July 10, 1902



Ever Seen in the Opera House

Heard the Old Fiddlers.




Large crowds have gathered at the opera house on many occasions, but the throng that filled the auditorium Friday night was the largest in the history of the house, with  not a single exception.  When the curtain arose on the juvenile minstrels, between nine hundred and fifty and one thousand people had been seated, and the outer hall and stairway were crowded with people seeking admittance.  The seats were all sold by 8 o'clock and no more tickets were issued.  Over two hundred people were refused admission by the management.  People were here from all of the surrounding towns and country.

The entertainment was a brilliant success from start to finish.  The immense audience was highly pleased.

The opening feature was the juvenile minstrel first part.  The twenty-five little boys were the entertainers.  Twenty were dressed in white sailor costumes.  Mr. Virgil Moore occupied the seat on the throne steps, and as interlocutor acquitted himself admirably.  The endmen wore suits of red and green.  They were Masters James Bigham, Menard Woods, Emmet Koltinsky and Tom Boston.  Many famous minstrels have appeared here, but none ever received the ovation tendered these youthful singers.  This original feature made a great hit.  The stage was beautifully decorated and the electric effects were excellent.

Miss Lotta Carleton Greenup of Louisville, the noted young lady violinist, rendered three difficult selections, of exquisite sweetness.  The beautiful young lady completely charmed the audience, and she received round after round of applause.  She is one of the most talented musicians the people of this city have ever had the pleasure of hearing.

Twenty old timers participated in the fiddlers contest and received their share of applause.  The judges were Messrs. A. J. Duvall and P. C. Stephens.

In the contest for the "Best old time Fiddlers," W. H. Lawson and Leeson Lawson, of Blackford, won the prize--$5.00.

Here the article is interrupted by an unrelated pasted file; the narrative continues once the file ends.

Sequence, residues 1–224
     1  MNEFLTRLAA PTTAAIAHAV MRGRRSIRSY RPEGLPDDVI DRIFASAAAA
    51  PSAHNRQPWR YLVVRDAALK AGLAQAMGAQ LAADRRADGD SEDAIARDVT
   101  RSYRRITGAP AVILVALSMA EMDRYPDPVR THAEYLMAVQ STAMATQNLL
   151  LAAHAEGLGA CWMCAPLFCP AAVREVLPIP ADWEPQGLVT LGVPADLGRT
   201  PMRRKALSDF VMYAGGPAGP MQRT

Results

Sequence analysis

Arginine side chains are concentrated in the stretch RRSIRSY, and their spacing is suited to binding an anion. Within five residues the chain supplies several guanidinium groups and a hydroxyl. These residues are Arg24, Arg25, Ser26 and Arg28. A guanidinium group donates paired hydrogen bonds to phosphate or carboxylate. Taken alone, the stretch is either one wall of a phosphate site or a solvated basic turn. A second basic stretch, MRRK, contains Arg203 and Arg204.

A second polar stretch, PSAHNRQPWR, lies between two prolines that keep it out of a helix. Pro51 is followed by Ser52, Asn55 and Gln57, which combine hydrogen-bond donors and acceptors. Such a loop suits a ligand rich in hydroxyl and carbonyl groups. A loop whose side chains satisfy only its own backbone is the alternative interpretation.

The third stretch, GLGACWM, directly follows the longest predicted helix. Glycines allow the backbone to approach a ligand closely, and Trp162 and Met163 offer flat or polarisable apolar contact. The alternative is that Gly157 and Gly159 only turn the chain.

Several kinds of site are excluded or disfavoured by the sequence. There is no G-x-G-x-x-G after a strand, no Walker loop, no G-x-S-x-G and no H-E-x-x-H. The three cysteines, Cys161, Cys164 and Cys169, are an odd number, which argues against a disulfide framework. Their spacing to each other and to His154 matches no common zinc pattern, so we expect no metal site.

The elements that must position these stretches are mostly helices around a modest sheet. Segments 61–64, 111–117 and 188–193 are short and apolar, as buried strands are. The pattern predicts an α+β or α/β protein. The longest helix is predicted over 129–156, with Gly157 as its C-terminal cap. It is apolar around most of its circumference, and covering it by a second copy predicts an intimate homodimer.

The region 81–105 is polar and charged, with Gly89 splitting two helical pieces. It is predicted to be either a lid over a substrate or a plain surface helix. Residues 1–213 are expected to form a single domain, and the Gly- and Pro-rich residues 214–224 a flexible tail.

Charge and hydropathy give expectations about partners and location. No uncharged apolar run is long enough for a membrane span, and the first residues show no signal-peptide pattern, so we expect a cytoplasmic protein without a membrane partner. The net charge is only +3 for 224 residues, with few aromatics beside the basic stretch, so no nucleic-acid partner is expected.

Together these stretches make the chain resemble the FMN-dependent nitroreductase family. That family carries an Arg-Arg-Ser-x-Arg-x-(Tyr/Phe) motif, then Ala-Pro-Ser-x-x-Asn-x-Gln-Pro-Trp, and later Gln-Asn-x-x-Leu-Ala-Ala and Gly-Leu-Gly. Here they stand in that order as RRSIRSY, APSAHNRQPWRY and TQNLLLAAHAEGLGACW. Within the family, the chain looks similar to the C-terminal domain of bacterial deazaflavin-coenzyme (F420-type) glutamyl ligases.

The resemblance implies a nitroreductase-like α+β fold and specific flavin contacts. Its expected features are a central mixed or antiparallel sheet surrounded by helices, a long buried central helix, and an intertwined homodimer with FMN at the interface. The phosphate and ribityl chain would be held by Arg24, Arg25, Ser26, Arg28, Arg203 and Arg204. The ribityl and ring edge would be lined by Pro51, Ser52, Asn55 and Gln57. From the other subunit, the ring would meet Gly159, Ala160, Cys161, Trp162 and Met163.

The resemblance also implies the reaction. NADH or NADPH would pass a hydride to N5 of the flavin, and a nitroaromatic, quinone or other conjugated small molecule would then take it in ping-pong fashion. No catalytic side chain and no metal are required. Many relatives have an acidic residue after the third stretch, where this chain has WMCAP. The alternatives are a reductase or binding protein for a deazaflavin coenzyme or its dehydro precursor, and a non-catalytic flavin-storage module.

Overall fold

Mr. W. F. Edmunds of Eddyville, best player of the Mocking Bird--prize $2.

In the Crittenden and Webster contest, Webster won the prize box of cigars.

Best left-handed fiddler, Ed. Hunt--prize $1.

Best all around fiddler, J. W. Jenkins of Dixon--prize $2.

Best player of the Devil's Dream F. A. Dalton, Dycusburg--prize, fiddle bow.

The Kemp family band and the Woodall family of musicians were to participate, but owing to the late hour the management was forced to omit these splendid features.

Much credit is due Mrs. H. A. Ingram, the popular music instructor, for the success of the entertainment.  The rehearsals of the minstrels were under her management.  She accompanied the old fiddlers.  Miss Greenup, the violinist, highly commended Mrs. Ingram's work, saying that she rarely met with a more skillful pianist.  The lady's remarkable talent is fully appreciated by the management of the opera house, and no entertainment is complete or successful without Mrs. Ingram's assistance.

The old fiddlers were given a fine supper at the Gill House.  Nearly one hundred persons partook of the feast.  The following menu was served:  Ham, beef, chickens, fish, pickles and vegetables, preserves and jellies, ice cream, lemonade and cakes of various kinds.

Mr. W. F. Edmunds, of Eddyville, was the handsomest and most graceful fiddler on the stage, and he is a violinist far above the average.

The Webster county fiddlers are hard to beat.

M. A. Nelson, Bill Marvel, Jim Loovorn [Lovvorn], Bill Duvall and Elzie Dalton did themselves proud.

The electric bones used by the endmen in the minstrels made a pretty and novel effect.

Did you ever hear better boy singers than Harry Ramage and the colored quartet?

The bugle calls rendered by Mr. John Sutherland were exceptionally good.

The entertainment was under the management of Messrs. Alvis Stephens, Henry Haynes and Walter Walker.


Source:  Crittenden Press. (Marion, Ky.) 1879-1907, July 10, 1902, Image 10 - Chronicling America - The Library of Congress.


[My comments are in brackets.]